13. 13. How can learning analytics be performed? • 3 considerations: 1. Context (what you want to know) affects: 2. Sample Size (small or large) 3. Scope (sliding scale between narrow or wide) (Scope and sample size can be interrelated)
  14. 14. Context • What do you want to find out? – To improve something? – To gain insight into an unknown? – To provide detailed support?
  15. 15. Context A JISC CETIS (2012) report identifies a focus on using it: • for individual learners to reflect on their achievements and patterns of behaviour in relation to others; • as predictors of students requiring extra support and attention; • to help teachers and support staff plan supporting interventions with individuals and groups; • for functional groups such as course team seeking to improve current courses or develop new curriculum offerings; and • for institutional administrators taking decisions on matters such as marketing and recruitment or efficiency and effectiveness measures.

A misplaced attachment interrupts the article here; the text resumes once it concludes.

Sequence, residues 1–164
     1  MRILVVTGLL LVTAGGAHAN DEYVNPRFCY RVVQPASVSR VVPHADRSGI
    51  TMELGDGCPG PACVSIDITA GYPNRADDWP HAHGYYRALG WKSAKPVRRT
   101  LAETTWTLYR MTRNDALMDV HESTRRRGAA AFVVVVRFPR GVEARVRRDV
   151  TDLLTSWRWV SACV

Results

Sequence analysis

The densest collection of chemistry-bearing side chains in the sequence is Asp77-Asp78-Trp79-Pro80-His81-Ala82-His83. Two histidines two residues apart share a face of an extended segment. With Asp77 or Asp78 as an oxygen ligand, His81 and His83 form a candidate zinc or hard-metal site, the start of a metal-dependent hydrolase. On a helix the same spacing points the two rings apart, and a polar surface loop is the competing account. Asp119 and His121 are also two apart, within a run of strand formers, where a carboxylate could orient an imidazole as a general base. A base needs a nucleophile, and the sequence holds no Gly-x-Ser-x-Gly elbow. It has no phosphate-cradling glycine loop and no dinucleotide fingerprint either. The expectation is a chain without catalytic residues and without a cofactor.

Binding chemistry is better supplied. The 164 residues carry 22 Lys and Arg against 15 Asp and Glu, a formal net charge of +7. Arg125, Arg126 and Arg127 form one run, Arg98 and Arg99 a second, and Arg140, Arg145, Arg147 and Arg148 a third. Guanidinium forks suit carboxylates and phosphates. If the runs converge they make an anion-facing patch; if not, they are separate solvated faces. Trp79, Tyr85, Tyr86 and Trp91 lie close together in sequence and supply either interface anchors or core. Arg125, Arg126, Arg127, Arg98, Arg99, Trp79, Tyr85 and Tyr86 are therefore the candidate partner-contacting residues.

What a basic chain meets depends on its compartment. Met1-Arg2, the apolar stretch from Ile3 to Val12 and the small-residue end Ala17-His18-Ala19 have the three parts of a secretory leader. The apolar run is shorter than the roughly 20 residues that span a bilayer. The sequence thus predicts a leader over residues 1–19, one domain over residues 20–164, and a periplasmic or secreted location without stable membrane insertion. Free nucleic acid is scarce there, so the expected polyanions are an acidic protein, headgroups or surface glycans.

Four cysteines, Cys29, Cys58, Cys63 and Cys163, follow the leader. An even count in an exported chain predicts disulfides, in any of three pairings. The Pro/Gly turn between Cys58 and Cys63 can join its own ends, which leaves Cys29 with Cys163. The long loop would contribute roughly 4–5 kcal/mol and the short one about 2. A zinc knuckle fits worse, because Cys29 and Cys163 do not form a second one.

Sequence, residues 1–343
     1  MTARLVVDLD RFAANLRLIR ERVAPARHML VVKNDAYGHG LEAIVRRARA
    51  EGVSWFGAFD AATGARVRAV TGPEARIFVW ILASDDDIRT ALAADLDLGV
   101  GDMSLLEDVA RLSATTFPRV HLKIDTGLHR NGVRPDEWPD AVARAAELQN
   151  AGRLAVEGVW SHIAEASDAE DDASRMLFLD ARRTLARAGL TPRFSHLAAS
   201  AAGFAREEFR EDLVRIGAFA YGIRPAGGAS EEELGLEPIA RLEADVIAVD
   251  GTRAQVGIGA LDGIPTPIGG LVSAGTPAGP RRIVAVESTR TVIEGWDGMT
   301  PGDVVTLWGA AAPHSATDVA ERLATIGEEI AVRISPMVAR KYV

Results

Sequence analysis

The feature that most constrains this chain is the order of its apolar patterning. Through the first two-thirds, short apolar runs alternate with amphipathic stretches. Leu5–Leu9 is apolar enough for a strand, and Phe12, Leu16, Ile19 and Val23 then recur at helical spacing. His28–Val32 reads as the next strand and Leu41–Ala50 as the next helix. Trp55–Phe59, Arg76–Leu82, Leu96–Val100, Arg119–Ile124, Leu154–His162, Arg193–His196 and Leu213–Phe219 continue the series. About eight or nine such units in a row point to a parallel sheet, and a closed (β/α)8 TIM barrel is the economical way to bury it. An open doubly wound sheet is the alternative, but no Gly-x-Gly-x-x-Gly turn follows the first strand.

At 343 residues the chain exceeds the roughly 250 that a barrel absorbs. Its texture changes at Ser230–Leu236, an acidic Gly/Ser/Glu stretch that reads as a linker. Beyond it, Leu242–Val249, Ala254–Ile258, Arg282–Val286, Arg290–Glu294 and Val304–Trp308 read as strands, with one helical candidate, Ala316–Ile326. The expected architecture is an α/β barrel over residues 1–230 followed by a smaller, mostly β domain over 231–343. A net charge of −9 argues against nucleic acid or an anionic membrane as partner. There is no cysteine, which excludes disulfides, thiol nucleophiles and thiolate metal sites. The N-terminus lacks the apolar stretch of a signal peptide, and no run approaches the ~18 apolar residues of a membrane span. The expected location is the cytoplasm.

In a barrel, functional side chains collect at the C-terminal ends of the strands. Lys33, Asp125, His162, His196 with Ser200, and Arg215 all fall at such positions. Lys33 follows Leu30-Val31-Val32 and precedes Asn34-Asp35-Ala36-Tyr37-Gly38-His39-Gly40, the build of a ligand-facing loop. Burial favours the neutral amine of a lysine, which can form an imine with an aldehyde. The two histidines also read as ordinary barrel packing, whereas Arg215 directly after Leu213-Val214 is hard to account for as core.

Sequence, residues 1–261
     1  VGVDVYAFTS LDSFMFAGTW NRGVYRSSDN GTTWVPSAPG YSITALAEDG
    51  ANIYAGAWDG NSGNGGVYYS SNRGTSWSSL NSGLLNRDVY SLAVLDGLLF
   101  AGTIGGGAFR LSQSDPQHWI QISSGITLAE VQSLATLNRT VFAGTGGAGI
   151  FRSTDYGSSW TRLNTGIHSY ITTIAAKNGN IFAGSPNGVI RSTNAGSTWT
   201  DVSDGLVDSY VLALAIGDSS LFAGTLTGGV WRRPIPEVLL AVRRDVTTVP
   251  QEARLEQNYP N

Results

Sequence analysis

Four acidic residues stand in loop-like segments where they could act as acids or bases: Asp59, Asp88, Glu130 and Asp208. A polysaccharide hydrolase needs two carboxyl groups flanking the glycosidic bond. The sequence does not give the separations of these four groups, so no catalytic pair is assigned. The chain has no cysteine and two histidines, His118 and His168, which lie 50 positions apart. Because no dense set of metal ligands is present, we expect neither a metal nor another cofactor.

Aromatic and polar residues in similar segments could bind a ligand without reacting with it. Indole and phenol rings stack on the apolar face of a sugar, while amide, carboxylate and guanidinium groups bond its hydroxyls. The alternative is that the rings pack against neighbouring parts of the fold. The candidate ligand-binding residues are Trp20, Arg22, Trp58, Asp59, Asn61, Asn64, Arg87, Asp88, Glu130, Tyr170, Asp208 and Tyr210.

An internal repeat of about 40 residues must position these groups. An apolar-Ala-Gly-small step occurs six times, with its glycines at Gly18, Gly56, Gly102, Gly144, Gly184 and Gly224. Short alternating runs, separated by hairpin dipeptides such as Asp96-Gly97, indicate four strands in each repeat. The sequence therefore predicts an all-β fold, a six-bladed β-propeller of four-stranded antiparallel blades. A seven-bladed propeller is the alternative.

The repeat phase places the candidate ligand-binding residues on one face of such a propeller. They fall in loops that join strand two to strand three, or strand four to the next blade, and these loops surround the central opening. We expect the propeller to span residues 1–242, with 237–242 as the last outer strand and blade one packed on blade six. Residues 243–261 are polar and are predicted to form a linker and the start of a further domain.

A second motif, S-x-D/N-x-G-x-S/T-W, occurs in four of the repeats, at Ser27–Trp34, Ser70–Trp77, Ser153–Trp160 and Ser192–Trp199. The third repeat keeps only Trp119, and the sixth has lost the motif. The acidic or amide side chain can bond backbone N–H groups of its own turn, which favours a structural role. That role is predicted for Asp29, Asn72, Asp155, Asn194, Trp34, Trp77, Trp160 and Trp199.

16. 16. Defining Sample Size Small: Individuals on one unit (i.e. Medical Anatomy) Medium: Individuals on the unit stretching back 5 years (i.e. Medical Anatomy) Large: Similar units across the sector (i.e. Medical Anatomy unit in all the Med Schools) (Context: looking at a subject area within a discipline)
  17. 17. Defining Scope Narrow: Outcomes for one session on – i.e. Philosophy Logic and Reason, session 4 Medium: Outcomes for a whole unit – all of Philosophy Logic and Reason Wide: Outcomes for all units that are taken by the student at UoL. (Context: A Philosophy student)
  18. 18. Defining Scope Narrow: 1 student’s information at UoL and their programme of study Medium: A whole cohort of student’s information at UoL on one course Wide: All of the students at UoL (Context: Student experience)